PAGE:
Syphilis manifests itself in the vagina and vulva in the form of the hard chancre, which may even occur at the os uteri. It does not present in these situations any peculiarities distinguishing it from chancre, as already described. Condylomata of considerable size also occur in the vulva and vagina, often forming warty projections.

Tuberculosis of Fallopian tubes seen from behind, a, uterus; 6,6, fimbriated extremities of the tubes; c, left ovary.

Fig. 451. - Tuberculosis of Fallopian tubes seen from behind, a, uterus; 6,6, fimbriated extremities of the tubes; c, left ovary. The right tube is seen to be very greatly dilated and convoluted. The dilatation disappears just before the uterine termination of the tube. The left tube is much less affected, being most dilated at its distal part. There was also tuberculosis of the lungs ana mesenteric glands.

Tuberculosis Of The Tubes And Uterus

This commonly begins in the Fallopian tubes. As the fimbriated extremities open into the peritoneum they absorb any such virus as that of tuberculosis which may be present. Hence it is a regular result of tubercular peritonitis in the female, and also sometimes occurs in tubercular ulceration of the intestine. It is stated by Schramm that it is met with in three per cent, of all females dying of tubercular disease.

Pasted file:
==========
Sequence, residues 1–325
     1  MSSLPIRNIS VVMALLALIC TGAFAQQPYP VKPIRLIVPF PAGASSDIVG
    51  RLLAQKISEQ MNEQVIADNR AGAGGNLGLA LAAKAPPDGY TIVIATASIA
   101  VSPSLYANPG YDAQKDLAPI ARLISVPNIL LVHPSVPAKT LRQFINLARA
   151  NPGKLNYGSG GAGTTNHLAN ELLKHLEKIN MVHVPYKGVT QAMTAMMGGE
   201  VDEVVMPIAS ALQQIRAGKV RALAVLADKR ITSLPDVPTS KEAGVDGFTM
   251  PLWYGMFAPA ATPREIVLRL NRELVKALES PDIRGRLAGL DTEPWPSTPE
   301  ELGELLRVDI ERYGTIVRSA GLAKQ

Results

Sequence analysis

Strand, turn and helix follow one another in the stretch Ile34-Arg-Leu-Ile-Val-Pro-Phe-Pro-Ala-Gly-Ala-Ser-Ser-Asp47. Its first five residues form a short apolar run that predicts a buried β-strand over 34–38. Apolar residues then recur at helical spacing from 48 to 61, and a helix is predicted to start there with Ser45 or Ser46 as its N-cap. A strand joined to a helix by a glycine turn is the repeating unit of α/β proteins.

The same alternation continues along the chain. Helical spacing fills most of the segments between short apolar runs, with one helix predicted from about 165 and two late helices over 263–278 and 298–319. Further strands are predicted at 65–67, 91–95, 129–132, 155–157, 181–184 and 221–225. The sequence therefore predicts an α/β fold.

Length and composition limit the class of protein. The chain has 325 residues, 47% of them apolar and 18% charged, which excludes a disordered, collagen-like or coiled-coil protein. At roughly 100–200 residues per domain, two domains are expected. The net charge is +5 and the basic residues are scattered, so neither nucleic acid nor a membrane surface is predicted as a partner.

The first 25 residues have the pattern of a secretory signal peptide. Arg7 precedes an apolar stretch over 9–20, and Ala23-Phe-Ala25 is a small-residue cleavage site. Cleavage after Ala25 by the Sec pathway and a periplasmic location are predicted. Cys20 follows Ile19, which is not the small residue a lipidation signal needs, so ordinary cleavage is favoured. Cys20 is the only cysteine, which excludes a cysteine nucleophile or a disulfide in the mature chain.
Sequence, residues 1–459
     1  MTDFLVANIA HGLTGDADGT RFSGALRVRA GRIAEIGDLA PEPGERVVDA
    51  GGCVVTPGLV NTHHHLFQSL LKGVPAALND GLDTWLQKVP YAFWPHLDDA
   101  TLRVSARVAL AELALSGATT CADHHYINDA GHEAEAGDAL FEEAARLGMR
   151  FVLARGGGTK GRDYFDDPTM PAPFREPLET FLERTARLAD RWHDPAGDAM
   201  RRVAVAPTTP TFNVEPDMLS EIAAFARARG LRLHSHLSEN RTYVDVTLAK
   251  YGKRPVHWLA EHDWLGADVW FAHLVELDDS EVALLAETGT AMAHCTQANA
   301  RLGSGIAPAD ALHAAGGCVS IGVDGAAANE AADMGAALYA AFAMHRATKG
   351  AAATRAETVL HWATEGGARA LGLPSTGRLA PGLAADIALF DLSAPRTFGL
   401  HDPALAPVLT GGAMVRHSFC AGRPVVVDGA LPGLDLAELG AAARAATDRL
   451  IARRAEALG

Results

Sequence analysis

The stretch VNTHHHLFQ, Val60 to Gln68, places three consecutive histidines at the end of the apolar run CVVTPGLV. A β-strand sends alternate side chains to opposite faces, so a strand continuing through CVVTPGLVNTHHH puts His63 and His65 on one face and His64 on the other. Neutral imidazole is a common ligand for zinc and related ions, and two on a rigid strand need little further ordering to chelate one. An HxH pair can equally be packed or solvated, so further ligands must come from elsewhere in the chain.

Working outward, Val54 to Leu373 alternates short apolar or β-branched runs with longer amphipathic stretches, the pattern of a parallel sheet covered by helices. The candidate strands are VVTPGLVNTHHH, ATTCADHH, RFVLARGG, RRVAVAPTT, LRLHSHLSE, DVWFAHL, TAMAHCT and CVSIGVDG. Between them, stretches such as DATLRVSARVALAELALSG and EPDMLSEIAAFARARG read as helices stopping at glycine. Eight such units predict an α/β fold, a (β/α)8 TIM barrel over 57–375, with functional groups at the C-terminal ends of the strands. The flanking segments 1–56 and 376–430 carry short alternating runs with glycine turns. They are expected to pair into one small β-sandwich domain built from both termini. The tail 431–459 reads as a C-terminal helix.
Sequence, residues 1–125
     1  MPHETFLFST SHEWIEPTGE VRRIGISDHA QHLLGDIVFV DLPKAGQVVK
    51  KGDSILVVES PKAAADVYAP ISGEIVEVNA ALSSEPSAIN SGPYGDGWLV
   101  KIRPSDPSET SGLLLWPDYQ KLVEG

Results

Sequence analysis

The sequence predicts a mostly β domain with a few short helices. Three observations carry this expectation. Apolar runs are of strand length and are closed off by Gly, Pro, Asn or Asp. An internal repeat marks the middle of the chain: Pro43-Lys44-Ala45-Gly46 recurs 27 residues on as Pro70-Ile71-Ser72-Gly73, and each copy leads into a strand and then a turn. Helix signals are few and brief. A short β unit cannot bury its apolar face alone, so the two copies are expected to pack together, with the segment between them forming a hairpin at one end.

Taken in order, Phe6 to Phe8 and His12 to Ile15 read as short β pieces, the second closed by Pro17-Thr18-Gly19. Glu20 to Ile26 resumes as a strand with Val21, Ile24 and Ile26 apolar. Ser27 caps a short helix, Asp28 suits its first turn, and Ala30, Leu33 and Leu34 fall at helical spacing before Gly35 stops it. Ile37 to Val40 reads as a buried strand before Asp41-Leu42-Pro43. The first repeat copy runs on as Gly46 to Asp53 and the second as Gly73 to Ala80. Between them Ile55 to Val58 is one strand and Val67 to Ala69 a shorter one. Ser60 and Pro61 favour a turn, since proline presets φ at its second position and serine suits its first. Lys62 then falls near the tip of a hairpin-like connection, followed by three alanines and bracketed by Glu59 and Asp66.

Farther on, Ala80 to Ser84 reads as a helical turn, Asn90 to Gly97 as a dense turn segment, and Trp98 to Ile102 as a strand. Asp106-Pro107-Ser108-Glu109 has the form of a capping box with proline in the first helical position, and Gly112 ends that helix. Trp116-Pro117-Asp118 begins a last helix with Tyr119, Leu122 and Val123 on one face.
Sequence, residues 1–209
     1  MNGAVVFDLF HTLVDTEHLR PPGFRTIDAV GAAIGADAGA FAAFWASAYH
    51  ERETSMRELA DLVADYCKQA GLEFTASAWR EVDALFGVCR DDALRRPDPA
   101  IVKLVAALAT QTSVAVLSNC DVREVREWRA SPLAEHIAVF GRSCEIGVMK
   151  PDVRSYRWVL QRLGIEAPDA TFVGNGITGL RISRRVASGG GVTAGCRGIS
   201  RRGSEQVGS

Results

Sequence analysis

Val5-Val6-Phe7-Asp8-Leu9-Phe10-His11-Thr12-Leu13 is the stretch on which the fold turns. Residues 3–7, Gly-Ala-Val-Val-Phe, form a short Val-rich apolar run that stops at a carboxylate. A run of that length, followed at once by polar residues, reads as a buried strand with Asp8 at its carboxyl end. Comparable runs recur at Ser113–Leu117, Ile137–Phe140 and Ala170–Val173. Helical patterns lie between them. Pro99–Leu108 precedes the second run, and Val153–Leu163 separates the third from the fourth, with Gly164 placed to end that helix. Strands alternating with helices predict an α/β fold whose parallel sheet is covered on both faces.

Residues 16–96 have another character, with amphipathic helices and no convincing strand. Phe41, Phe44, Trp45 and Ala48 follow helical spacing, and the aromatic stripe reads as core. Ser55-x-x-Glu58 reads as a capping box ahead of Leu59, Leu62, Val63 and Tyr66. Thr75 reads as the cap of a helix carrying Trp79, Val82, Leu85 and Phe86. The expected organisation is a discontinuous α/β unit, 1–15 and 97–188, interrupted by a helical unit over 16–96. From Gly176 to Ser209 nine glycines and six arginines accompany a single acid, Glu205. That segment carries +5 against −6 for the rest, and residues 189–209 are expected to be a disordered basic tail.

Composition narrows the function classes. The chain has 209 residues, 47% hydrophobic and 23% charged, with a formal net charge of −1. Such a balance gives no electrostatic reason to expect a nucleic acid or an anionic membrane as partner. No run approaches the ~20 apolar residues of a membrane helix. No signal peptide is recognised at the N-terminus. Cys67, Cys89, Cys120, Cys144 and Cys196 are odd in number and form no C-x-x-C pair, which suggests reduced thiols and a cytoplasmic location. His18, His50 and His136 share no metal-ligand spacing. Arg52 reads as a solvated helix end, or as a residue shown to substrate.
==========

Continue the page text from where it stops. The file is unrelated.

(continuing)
Tuberculosis of the Fallopian tubes begins at the distal end, and this part is generally found most affected. The mucous membrane is destroyed and replaced by caseous matter which accumulates in the calibre of the tube. The wall is also thickened and infiltrated with the tubercular new-formation. These two conditions lead to a great distension of the tube (Fig. 451) so as to resemble some of the conditions resulting from salpingitis. The condition is sometimes called Tubercular salpingitis. This condition is probably of great frequency, and we believe, from observation, that a large proportion of cases which are simply designated salpingitis really belong to the tubercular form. There is not generally much adhesion to parts around, but there may be, especially when the condition coincides with tuberculosis of the peritoneum.

The tuberculosis frequently extends to the Uterus, where ulcers form, and there may be extensive destruction of the mucous membrane. The whole internal sufface is sometimes involved.

Tuberculosis of the Ovaries is exceedingly rare. It occurs in the form of caseous masses.


Mosler, Tuberkulose der weibl. Geschlechtsorgane, 1883; Schramm, Arch. f. Gynacol., xix.; Steven, Glasg. Med. Jour., xix., 1883; Williams, Johns Hopkins Hosp. Reports, iii., Nos. 1, 2, 3, 1892.